What can a trail camera tell us? Fastened to the trunks of trees lining well-trodden animal pathways, they offer a glimpse into the unseen lives of animals in the wild.
Trail cameras are a valuable tool for wildlife conservationists and researchers. In a recent update from WLT’s partner Guyra Paraguay, images from the trail cameras give an insight into mammal life and behaviour in Tobich Reserve, 11,725 acres (4,745 hectares) of rich Chaco grassland and Pantanal wetland in Paraguay.
Giant Anteater and young
Giant Anteaters are the largest of the anteater family, and with the exception of mother and young pairings, such as that shown in the trail camera image, are usually solitary. Young are born after a six month gestation period with a full coat of hair, adult markings and are capable of clinging to their mother’s back straightaway. The mother will carry the baby on her back until it is almost half her size (six to nine months) and it becomes independent after about two years.
South American Coati
Coatimundis, or coatis, hold their ringed tails erect because they travel in groups and it is easy to lose each other in the high vegetation of their habitat, such as the Chaco grasslands. The tails are used for balance (when coatis are standing on their hind legs or climbing) but can also be used for signalling during social interactions to show alarm, aggression or interest.
Gray Brocket Deer
Gray Brocket Deer are a common prey species for predators such as Ocelots, Jaguars, Pumas and large raptors across their range. Their behaviour has adapted to increase their chances of survival: preferring thick brush habitat during the day, only feeding in open spaces at night, and being highly vigilant of their surroundings.
This vigilance can be seen in the trail camera image, as the young deer approaches the camera, inspecting it by sight, sound and smell. Although trail cameras try to be as discrete as possible so they do not disturb subjects, a new object on a familiar trail, with traces of human scent and faint electronic sounds will be noticed and investigated by observant animals.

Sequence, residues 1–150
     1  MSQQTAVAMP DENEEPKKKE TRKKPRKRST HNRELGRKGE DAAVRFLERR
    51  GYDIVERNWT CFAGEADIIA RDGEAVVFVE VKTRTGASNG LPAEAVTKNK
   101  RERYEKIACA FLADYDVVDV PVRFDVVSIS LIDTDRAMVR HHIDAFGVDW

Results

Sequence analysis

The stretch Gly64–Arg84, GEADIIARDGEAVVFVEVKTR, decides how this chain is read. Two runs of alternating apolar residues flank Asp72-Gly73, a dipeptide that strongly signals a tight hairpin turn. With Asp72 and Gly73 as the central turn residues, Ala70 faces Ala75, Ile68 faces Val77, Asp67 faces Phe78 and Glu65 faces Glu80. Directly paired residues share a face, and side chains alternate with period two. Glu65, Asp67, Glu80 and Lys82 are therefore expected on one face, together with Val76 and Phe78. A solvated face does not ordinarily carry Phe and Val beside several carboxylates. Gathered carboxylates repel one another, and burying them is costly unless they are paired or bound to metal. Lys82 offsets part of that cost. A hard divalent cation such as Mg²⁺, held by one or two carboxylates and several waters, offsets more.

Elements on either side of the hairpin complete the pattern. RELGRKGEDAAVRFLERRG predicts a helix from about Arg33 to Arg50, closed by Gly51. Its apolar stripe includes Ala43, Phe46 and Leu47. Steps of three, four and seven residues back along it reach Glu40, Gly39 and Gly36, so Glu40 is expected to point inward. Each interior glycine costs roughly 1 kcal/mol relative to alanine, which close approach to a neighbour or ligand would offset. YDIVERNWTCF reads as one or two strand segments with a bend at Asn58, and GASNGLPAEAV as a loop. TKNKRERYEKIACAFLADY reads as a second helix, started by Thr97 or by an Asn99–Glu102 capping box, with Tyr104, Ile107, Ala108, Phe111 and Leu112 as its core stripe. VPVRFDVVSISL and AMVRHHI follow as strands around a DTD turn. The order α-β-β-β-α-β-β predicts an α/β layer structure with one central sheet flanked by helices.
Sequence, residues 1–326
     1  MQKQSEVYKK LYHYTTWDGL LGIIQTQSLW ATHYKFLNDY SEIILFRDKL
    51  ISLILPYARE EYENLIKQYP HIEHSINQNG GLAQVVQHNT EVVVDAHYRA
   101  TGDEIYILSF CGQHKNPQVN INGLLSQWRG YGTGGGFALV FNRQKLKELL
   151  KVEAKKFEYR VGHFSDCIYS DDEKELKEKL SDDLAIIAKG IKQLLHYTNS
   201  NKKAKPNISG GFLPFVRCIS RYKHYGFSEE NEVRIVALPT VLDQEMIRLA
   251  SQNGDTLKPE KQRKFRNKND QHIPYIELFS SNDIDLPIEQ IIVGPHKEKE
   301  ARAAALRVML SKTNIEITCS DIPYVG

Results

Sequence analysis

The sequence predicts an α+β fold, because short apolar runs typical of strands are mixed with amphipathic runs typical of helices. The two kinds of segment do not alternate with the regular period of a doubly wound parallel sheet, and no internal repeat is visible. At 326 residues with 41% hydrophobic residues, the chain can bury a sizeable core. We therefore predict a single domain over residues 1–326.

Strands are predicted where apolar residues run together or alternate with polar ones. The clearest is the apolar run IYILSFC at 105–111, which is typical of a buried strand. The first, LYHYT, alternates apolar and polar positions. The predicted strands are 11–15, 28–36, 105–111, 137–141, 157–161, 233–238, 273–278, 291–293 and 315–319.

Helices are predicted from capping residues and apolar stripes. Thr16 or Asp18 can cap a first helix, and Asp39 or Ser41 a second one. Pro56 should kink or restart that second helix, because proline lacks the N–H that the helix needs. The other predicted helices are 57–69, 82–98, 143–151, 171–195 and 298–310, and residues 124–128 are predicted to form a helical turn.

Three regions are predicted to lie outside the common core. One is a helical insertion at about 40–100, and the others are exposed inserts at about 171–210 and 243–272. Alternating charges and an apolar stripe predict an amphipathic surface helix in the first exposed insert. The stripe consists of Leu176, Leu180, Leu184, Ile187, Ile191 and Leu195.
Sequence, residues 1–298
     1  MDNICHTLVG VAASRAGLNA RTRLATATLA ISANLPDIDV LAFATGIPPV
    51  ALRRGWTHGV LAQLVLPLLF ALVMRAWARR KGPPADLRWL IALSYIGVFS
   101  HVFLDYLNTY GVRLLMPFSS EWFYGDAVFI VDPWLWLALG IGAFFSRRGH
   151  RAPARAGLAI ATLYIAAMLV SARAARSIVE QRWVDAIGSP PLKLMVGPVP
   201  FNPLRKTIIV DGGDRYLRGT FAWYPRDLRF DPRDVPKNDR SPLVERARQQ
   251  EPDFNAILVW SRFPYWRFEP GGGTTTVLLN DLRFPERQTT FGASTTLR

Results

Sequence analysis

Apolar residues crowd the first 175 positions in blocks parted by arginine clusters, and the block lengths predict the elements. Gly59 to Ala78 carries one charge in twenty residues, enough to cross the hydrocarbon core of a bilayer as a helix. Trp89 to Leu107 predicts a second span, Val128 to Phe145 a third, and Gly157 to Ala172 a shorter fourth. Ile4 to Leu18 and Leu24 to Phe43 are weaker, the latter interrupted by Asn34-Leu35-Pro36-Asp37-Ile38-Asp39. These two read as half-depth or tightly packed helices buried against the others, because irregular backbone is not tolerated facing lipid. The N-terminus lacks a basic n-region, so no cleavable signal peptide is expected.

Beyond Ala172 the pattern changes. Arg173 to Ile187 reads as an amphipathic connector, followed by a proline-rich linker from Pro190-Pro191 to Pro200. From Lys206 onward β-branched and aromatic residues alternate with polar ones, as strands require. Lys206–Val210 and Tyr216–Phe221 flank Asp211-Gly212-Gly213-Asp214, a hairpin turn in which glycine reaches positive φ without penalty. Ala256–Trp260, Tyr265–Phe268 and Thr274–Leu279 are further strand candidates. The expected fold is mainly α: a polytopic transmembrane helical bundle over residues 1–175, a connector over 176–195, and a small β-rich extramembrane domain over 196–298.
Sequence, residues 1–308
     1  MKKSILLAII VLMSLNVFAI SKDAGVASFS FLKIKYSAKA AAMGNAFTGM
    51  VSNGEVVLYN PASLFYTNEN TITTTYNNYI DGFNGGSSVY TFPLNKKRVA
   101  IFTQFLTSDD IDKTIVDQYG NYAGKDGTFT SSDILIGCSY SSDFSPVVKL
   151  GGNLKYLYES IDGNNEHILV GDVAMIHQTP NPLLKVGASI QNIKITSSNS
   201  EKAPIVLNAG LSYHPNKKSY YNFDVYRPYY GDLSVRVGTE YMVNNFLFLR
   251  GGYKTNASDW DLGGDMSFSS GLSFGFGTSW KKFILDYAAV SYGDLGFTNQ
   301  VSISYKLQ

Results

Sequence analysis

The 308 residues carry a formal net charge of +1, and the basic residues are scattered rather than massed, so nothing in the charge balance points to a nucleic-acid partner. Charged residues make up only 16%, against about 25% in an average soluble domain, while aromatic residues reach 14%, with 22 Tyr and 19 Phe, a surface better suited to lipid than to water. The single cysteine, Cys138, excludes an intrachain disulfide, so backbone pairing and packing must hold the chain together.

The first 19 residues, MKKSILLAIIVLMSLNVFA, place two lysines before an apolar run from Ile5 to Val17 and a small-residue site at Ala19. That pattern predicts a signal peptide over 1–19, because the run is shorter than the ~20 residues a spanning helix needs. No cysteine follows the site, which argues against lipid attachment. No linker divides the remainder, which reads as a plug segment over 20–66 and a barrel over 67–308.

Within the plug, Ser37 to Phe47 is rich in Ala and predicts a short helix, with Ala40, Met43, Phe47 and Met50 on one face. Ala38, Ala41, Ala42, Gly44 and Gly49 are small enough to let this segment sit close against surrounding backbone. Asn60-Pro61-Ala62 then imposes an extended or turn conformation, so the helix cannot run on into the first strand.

Trail cameras can provide valuable information about the territorial behaviour of a species, such as the Lowland Tapir. By comparing images taken of tapirs from the same trail camera position over time, researchers can identify individuals that may be patrolling the edge of their territories. Further information about the tapir population and their behaviour can also be gleaned by analysing tapir ‘latrines’ and using GPS tracking collars.
As mentioned above, populations of large mammals can be monitored by identifying individuals of a species. For mammals with markings such as tigers and jaguars, their stripes or rosettes are effectively ‘fingerprints’ which make individual identification quite easy. However, for species such as the Lowland Tapir or pictured Puma with more subtle markings, it is more difficult.
Markers which can help identify pumas in a survey include kinked tails, scars, ‘nicks’ on their ears, tail-tip colouration, undercoat spot patterns and body shape. For more comprehensive studies, footprint and scat analysis can be used as other non-invasive methods of identifying individuals (the latter can also provide information about a puma’s sex and age).